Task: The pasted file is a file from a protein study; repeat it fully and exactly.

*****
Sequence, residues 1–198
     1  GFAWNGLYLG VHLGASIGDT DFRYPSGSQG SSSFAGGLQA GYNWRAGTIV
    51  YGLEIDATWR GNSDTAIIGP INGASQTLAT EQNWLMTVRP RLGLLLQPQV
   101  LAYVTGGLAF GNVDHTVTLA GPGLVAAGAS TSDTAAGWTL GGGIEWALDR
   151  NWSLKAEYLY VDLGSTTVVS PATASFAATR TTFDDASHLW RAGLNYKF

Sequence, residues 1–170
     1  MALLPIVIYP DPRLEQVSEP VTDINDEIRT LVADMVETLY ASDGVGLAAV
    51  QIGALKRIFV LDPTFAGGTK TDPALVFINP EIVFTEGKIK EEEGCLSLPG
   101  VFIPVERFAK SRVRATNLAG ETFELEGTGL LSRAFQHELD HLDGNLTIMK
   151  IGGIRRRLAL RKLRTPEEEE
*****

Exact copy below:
Sequence, residues 1–198
     1  GFAWNGLYLG VHLGASIGDT DFRYPSGSQG SSSFAGGLQA GYNWRAGTIV
    51  YGLEIDATWR GNSDTAIIGP INGASQTLAT EQNWLMTVRP RLGLLLQPQV
   101  LAYVTGGLAF GNVDHTVTLA GPGLVAAGAS TSDTAAGWTL GGGIEWALDR
   151  NWSLKAEYLY VDLGSTTVVS PATASFAATR TTFDDASHLW RAGLNYKF

Sequence, residues 1–170
     1  MALLPIVIYP DPRLEQVSEP VTDINDEIRT LVADMVETLY ASDGVGLAAV
    51  QIGALKRIFV LDPTFAGGTK TDPALVFINP EIVFTEGKIK EEEGCLSLPG
   101  VFIPVERFAK SRVRATNLAG ETFELEGTGL LSRAFQHELD HLDGNLTIMK
   151  IGGIRRRLAL RKLRTPEEEE